February 12, 2020
Pharmaceutical prices remain a top issue not just for employers, but for both Republicans and Democrats facing an impending election. In fact, voter ire with drug spending is expected to be a pivotal issue, particularly in the battleground states of Pennsylvania, Michigan, North Carolina, Wisconsin and Florida. More broadly, over 80% of Americans believe that Congress should work to lower prescription drug prices. Going into the November 2020 election, where the new House majority will be decided by roughly two dozen districts, and 33 Senators are also up for reelection, recent polling suggests disapproval of the President’s efforts on drug pricing, keeping this issue squarely in political crosshairs.
Has any progress been made on drug pricing?
Arguably, no. However, if the desire to lower drug prices can be measured by the number of bills in Congress, it’s fair to say there is a strong desire to lower drug prices. Many bills were introduced or re-introduced over the last year, and at least two of the bills have bipartisan support, with many others containing provisions that have bipartisan support. In all, there are approximately 70 distinct measures that boiled down into four key bills (S. 2543, S. 1895, H.R. 19, and H.R. 3) intended to reduce spending on prescription drugs in one way or another floating around Capitol Hill.
With a lack of cooperation, what’s next for this Congress on drug pricing?
Senate Republicans, House Democrats, and the Trump Administration found common ground on various policy options, including capping out-of-pocket costs for seniors, caps on price increases and rebates for drug price increases greater than inflation, reforming catastrophic coverage, reforming pay-for-delay deals, and certain prescription drug transparency proposals. But with both chambers politically divided, the minority party in each effectively blocked movement of any package of drug pricing proposals. Click here for a Business Group webinar overview of the various proposals, including the President’s.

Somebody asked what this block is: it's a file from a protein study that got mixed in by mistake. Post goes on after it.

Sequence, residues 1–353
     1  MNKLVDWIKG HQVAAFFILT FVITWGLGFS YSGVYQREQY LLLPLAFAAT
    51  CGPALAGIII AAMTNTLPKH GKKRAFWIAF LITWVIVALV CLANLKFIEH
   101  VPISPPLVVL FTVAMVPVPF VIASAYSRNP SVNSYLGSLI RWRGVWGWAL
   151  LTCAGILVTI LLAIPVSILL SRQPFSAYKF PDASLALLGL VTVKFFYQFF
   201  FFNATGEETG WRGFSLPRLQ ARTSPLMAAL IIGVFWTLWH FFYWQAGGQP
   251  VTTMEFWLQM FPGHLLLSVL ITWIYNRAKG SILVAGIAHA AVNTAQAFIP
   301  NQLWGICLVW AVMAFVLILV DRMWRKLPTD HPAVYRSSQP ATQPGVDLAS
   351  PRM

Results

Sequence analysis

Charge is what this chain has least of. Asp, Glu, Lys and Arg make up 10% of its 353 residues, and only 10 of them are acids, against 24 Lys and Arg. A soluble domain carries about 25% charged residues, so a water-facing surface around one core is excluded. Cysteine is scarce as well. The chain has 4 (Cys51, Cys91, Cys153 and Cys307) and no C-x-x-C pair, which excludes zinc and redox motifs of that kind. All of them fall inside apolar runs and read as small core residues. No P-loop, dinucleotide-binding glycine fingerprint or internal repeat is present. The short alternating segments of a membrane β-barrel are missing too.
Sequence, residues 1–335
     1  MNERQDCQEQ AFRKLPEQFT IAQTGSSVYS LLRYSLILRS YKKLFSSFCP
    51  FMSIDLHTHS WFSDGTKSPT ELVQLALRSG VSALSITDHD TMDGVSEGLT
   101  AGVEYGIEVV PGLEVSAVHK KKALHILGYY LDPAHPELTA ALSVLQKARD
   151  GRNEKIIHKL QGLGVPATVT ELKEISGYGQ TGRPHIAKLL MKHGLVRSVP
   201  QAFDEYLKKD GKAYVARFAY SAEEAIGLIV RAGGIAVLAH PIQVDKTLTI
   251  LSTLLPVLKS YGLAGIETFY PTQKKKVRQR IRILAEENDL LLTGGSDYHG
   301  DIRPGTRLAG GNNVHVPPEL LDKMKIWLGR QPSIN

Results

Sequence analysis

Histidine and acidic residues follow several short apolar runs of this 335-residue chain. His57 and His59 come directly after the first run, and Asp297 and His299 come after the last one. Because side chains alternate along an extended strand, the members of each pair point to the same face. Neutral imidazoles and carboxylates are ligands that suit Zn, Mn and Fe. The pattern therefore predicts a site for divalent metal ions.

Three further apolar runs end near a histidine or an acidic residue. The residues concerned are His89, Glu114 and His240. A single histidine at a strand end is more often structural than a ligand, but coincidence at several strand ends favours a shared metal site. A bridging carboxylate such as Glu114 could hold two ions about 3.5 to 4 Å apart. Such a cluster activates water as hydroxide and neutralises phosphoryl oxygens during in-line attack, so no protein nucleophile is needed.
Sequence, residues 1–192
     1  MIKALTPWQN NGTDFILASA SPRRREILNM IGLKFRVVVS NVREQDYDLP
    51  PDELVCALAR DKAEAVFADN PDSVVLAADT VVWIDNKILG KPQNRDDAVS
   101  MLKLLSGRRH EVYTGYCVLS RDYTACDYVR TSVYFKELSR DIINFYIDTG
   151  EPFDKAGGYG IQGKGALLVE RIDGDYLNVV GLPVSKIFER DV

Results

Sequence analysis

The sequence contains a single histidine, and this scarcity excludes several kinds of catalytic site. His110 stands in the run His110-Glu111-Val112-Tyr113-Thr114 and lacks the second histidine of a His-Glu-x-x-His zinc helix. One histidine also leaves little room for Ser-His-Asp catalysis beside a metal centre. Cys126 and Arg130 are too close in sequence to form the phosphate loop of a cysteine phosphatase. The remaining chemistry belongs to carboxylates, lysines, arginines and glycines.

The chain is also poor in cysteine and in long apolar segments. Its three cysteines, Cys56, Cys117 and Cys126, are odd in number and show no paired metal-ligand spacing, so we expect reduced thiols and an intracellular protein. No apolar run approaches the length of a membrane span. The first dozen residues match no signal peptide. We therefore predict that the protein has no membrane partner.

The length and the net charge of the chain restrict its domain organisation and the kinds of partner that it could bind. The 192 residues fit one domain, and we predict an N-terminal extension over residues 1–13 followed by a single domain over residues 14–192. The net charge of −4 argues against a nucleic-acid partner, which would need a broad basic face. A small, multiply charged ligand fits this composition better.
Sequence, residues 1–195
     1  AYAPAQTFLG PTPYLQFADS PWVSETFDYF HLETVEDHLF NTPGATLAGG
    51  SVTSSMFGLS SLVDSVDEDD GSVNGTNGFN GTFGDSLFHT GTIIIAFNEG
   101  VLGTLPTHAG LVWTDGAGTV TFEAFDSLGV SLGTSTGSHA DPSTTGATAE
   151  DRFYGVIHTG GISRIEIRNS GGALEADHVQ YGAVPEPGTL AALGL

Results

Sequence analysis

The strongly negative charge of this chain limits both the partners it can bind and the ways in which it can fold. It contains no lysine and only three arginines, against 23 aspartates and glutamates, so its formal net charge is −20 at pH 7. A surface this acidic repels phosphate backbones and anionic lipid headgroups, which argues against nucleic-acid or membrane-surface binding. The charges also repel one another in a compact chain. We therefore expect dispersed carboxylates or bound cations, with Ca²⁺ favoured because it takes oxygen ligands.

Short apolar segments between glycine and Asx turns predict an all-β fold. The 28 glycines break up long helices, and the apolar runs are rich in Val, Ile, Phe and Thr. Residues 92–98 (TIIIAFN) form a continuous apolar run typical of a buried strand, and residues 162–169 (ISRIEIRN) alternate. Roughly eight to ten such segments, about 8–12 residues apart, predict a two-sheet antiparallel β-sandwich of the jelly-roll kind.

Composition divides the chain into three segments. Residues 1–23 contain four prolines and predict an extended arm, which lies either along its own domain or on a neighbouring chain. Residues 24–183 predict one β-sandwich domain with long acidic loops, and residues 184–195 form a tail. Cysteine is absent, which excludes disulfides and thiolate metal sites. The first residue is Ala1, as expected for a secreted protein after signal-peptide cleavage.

At this point, it seems unlikely that either bipartisan effort has a path forward. Many believe the only potential (small) deal this year could be one that caps out-of-pocket costs for Medicare beneficiaries.
Fresh efforts from the Administration: The President’s budget and potential executive order
A budget proposal issued on Monday, February 10, 2020, projects savings due to “comprehensive drug pricing reform” totaling $36.5 billion between 2021 and 2025, but it doesn’t say how that savings will be achieved. Bloomberg also reported on Monday that rumors have resurfaced that Trump is considering an executive order to tie reimbursement for certain Part B drugs to an International Price Index, which would mean a price cut for many prescription drugs within the program. Details on the potential order are still scant but are expected to draw from the 2018 proposal. (see Business Group comments here)
Election 2020 outlook
The next Congress and Administration, no matter who is elected or which party holds the majority in each chamber, will have to pick up where today’s incumbents left off and will likely reconsider more disruptive approaches to drug pricing reform, including rebate reform, importing drugs, Medicare negotiation of drug prices, generic competition, and more.
If one of the 8 people still competing for the 2020 Democratic nomination is the next President, here is where they stand on key drug pricing issues: